Explained | Why the rush for the IRCTC public offer

Signals appetite for good PSU stocks

Updated - October 04, 2019 12:03 pm IST

Published - October 03, 2019 10:49 pm IST

The rush for a piece of Indian Railway Catering and Tourism Corporation Ltd. (IRCTC) is unprecedented for any PSU disinvestment. In the 112 times subscription for the initial public offering (IPO) , there is a significant message.

The government hoped to raise ₹645 crore from the IPO. But it has been flooded with subscription amounting to a cool ₹72,195 crore! On offer were 2.02 crore shares to the public; the subscriptions received were for 225.61 crore shares.

This is as much a comment on IRCTC’s fundamental strengths and monopoly position in its business as it is for the appetite for good PSU stocks in the market. The response to IRCTC should be seen in the backdrop of the volatile markets, depressed investor sentiment and supposed liquidity constraints in the market. The market’s signal is clear: it is hungry for quality PSU stocks and can generate the resources for the right candidate. For the government, which has set a target of ₹1.05 lakh crore from disinvestment this fiscal this is certainly good news.

But why the mad investor rush for IRCTC? Imagine a company that is a monopoly in issuing online tickets for the Railways. Though online ticketing accounts for just over 12% of total revenues, it accounts for over a third of profits before tax.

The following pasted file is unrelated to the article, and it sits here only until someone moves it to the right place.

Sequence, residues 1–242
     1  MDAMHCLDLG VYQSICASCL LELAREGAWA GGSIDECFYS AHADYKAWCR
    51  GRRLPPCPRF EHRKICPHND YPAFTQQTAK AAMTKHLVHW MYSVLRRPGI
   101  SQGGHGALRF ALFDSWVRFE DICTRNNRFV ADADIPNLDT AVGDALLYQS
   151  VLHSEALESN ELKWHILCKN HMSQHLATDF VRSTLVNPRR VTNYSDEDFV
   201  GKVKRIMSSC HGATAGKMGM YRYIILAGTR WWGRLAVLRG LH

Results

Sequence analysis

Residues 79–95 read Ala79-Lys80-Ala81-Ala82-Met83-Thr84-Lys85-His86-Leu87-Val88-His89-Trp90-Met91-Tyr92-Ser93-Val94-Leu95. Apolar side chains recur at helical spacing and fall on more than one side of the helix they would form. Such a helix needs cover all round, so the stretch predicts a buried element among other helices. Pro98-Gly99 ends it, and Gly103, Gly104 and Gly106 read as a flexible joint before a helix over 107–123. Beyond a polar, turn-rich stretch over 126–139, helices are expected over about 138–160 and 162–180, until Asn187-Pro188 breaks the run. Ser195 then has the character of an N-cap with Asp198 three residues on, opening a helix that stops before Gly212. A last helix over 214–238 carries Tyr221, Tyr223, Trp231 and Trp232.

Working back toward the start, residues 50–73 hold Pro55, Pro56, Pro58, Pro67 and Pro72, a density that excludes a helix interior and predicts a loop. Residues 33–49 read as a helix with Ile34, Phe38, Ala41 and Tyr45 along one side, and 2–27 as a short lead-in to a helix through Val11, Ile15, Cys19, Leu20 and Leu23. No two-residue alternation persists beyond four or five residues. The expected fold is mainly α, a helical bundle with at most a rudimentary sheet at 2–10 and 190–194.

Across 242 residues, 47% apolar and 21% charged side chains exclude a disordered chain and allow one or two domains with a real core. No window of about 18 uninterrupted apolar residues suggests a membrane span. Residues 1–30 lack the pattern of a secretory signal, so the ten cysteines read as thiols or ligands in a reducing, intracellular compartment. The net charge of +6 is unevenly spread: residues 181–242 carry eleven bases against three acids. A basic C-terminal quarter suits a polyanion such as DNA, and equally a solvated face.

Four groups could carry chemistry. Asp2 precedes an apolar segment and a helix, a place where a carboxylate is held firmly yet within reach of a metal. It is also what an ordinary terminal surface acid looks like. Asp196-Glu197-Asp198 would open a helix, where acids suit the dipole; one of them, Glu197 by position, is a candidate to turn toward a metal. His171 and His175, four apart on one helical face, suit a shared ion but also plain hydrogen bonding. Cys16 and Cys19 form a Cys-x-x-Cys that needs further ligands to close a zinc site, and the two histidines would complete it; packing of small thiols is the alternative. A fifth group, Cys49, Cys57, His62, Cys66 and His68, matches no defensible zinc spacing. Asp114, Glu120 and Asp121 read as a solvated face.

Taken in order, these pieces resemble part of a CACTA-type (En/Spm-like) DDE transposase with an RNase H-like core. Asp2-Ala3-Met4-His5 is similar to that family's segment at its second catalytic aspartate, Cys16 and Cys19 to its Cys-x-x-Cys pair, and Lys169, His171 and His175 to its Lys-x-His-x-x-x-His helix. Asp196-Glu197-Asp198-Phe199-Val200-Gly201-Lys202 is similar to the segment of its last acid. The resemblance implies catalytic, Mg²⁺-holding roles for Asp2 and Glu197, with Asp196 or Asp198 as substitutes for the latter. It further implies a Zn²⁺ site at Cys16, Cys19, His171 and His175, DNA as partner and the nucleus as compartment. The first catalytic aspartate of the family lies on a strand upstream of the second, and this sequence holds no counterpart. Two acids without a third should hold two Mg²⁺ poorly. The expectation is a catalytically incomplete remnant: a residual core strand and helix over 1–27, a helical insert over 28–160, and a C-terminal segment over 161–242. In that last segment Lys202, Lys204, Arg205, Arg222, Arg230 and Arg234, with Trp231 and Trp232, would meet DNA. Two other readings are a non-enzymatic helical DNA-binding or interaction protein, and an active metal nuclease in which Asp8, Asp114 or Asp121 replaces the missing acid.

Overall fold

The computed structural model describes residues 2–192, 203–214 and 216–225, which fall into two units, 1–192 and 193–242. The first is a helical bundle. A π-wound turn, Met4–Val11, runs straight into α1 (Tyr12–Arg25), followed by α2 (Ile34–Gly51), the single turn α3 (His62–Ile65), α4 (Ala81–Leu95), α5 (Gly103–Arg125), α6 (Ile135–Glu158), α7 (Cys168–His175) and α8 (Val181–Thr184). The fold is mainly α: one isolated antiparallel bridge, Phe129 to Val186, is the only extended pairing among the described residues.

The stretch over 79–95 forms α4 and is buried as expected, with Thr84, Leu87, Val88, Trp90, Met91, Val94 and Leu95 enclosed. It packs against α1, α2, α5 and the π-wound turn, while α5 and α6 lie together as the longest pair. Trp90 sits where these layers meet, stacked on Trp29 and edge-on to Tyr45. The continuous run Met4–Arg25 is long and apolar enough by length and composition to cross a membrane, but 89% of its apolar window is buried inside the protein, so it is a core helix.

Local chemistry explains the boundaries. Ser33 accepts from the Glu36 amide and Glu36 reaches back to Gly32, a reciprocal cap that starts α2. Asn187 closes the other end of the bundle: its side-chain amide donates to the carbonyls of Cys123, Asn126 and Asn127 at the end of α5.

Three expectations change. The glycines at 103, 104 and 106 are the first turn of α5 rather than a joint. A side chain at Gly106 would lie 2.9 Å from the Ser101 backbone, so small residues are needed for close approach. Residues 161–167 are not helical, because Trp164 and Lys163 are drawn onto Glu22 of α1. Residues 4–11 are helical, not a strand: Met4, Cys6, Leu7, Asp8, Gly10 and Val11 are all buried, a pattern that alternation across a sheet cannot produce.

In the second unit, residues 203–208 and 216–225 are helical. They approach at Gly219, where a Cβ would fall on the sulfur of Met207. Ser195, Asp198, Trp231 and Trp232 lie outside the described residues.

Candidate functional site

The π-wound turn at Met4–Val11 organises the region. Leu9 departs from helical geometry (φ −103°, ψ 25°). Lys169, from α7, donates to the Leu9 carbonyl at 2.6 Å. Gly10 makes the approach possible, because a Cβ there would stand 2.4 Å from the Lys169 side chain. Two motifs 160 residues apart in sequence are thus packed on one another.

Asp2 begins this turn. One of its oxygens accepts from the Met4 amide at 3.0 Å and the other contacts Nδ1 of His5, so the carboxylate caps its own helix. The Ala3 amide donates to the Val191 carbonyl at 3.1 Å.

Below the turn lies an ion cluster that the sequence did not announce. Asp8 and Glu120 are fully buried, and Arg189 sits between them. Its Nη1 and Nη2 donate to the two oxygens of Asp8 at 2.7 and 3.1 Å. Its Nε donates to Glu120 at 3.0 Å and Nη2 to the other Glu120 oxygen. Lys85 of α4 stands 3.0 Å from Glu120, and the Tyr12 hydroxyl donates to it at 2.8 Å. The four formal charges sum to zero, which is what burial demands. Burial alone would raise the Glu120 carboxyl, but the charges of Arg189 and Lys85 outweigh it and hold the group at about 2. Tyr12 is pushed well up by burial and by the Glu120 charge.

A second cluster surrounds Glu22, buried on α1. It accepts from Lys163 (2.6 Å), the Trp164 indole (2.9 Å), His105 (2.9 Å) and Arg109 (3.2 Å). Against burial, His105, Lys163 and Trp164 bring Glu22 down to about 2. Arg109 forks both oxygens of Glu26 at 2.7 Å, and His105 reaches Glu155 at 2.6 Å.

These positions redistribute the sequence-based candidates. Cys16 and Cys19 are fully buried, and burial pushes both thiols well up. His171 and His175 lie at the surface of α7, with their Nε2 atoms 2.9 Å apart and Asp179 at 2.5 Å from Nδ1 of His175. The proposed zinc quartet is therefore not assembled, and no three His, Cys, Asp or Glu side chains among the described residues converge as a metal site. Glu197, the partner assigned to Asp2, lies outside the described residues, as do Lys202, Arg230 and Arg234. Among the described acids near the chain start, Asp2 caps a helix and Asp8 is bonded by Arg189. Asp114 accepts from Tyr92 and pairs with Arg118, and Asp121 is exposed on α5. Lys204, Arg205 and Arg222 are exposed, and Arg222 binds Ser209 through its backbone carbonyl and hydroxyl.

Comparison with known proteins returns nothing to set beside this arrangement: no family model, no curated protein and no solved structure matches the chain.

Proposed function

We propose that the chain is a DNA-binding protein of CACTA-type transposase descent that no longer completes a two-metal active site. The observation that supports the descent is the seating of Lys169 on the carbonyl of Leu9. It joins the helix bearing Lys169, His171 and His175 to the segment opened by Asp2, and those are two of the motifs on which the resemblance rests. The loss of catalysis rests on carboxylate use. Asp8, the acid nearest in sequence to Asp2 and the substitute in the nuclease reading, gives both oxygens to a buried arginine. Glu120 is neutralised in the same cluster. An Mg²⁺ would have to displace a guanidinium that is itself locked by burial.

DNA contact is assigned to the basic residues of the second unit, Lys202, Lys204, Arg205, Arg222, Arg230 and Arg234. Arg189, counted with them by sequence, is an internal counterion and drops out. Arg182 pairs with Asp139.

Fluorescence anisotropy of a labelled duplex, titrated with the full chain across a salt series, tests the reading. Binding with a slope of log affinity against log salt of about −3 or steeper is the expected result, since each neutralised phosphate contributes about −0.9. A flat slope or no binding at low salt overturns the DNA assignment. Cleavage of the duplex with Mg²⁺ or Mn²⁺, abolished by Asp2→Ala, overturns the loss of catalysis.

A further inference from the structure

And, this is despite the removal of service charges for online bookings in 2017. With the re-entry of service charges from September this year in the form of ‘convenience fee’, IRCTC’s revenues will rise; importantly, its profit will soar because unlike earlier, the convenience fee will not be shared with the Railways and will go through straight to the company’s bottomline.


Second, IRCTC is the chosen vehicle for the Railways’ experiment with ‘private trains’. Two of its Tejas trains — one of which will be flagged off on Oct. 5 from New Delhi to Lucknow — will be operated by IRCTC, and there is promise of more to come.

The company has the freedom to set fares on these trains and will pay a licence fee to the Railways for use of its infrastructure. IRCTC can hope to grow its revenues and earnings significantly from this business if it can maintain quality and punctuality of its trains.

Third, IRCTC has almost a monopoly share of on-rail food catering which it does on over 350 trains.

It also has outlets in over 500 stations apart from food courts.

A little more than half its revenues and about 28% of its profits come from catering and travel segments. Finally, IRCTC is a debt-free company with a high marginal tax rate and will be one of the big beneficiaries of the corporate tax cut announced last month.

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